JOHANNES

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					JOHN
Time: AD 80-90 (23rd Book Chronologically)

Statistics: 21 chapters/879 verses/19 099 words/167 questions/15 OT prophecies
fulfilled/44 new prophecies/85 verses of fulfilled and 7 verses of unfulfilled prophecy

Key People:

Jesus — the Word of God who came into the world; both fully God and fully human
    (1:1–21:25)

John the Baptist — prophet and forerunner who announced the coming of Christ (1:6–42;
    3:23–27; 4:1; 5:33; 10:40–41)

The disciples — Simon Peter, Andrew, James, John, Philip, Bartholomew, Thomas,
    Matthew, James (son of Alphaeus), Thaddaeus, Simon, Judas Iscariot; twelve men
    chosen by Jesus to aid His ministry on earth (1:53–21:14)

Mary — sister of Lazarus; believed and anointed Jesus before His death (11:1–12:11)

Martha — sister of Lazarus; known for her hospitality; grew in faith when Jesus raised
    her brother from the dead (11:17–45)

Lazarus — raised from the dead by Jesus, his friend (11:1–12:17)

Mary, Jesus’ mother — demonstrated her servanthood to Jesus; entrusted to the care of
    John at Jesus‘ death (2:1–12; 19:25–27)

Pilate — Roman governor who ordered the crucifixion of Jesus in place of Barabbas
    (18:29–19:38)

Mary Magdalene — devoted follower of Jesus; first person to see Jesus after His
    resurrection (19:25–20:18)


Key Term: ―Believe‖ (20:31). This book has been written to bring people to a living trust in
Jesus and this trust is directly linked to the gift of ‗eternal life‘.

Key Words:


The Word: Greek ho logos—1:1, 14; 2:22; 5:24; 8:43; 15:3; 17:14, 17—used to speak of
the Creator of the universe, even the creative energy that generated the universe. In the
Old Testament, the term logos may also be connected with wisdom as a personification
or attribute of God (see Proverbs 8). In both Jewish and Greek usage, the Logos was
associated with the idea of beginnings—the world began with the Word (Genesis 1:3).
John specifically used this word to identify the Son of God as divine. Jesus is the image
of the invisible God (Colossians 1:15), and the very substance of God (Hebrews 1:3). In
the Godhead, the Son functions as the revelation of God and is God in reality.

Born Again: Greek gennao anothen—3:3, 7—literally, ―again‖ or ―from above.‖ Jesus
spoke of a birth that was either a new birth, or a heavenly birth, or both. Most likely Jesus
was speaking of a heavenly birth because He described this birth using an analogy of the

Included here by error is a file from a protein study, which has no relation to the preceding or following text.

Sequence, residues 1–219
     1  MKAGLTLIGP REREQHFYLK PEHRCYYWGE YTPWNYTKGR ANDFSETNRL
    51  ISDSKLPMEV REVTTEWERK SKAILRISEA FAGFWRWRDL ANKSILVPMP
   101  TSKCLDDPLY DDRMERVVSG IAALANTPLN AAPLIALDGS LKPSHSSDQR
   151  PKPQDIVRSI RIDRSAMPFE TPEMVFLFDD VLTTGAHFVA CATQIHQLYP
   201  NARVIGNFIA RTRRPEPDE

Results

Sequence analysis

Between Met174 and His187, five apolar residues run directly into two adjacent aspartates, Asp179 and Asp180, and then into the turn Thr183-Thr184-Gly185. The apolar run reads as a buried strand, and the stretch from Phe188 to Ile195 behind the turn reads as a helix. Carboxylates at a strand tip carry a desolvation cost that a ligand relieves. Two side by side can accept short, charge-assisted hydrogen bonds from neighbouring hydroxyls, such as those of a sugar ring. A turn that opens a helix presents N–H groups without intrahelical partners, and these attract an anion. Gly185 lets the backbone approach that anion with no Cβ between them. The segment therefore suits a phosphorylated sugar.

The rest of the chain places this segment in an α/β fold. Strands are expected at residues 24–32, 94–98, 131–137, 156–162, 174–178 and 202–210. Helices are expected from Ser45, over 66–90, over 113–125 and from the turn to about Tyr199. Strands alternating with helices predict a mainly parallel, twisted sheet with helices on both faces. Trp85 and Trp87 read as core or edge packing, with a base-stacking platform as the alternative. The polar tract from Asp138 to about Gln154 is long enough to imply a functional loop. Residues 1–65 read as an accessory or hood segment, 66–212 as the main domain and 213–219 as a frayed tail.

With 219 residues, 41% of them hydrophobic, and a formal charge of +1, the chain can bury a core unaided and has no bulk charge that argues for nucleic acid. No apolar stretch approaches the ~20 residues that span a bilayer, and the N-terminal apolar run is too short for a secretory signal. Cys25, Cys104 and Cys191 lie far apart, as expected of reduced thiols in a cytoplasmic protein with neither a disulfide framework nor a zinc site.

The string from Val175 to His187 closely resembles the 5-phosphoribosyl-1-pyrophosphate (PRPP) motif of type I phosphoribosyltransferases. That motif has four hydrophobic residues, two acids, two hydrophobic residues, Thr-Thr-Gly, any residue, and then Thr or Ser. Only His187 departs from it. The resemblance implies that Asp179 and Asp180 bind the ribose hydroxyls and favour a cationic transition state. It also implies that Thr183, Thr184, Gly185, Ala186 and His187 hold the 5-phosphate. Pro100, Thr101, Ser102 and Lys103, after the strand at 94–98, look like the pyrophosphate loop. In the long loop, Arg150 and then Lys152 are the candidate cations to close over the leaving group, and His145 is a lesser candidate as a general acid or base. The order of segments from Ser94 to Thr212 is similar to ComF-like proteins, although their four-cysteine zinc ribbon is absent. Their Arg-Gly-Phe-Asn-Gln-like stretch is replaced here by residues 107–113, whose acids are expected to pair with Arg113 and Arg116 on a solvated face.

wind, coming from some unknown, heavenly source. Nicodemus clearly understood
Jesus to be speaking of a second natural birth—being born again. Jesus explained this
birth in 3:6–8 by contrasting being born of the flesh and being born of the Spirit.

I Am: Greek ego eimi—6:36; 8:58; 10:7, 14; 15:1; 18:5—literally, ―self-identity in self-
sufficiency.‖ In one breath, Jesus proclaimed His eternal preexistence and His absolute
deity. Jesus Christ, the Son of God, unlike any human, never had a beginning. He is the
eternal God. Jesus clearly states His deity by using the words ―I AM‖ to refer to Himself.
In Exodus 3:14, God reveals His identity as ―I AM WHO I AM.‖ Thus, Jesus claimed before
His judges to be the ever-existing, self-existent God.

Believe: Greek pisteuo—1:7; 5:44; 6:64; 7:5; 10:26; 11:48; 13:19; 20:31—literally, ―to
place one‘s trust in another.‖ True belief in Jesus requires one to completely trust Him for
salvation (3:15–16). When Jesus walked the earth, many people believed in His
miraculous powers, but they would not put their faith in Jesus Himself (6:23–26). Others
wanted to believe in Jesus only as a political defender of Israel (Mark 15:32). However,
we must be careful to believe and trust in the Jesus presented in the Scriptures—the Son
of God who humbly sacrificed Himself to deliver us from the bondage of sin (Galatians
1:3–4; Philippians 2:5–8)

Key Text:

John 3:16 For God so loved the world that He gave His only begotten Son, that whoever
believes in Him should not perish but have everlasting life.

Or

John 20:31 but these are written that you may believe that Jesus is the Christ, the Son of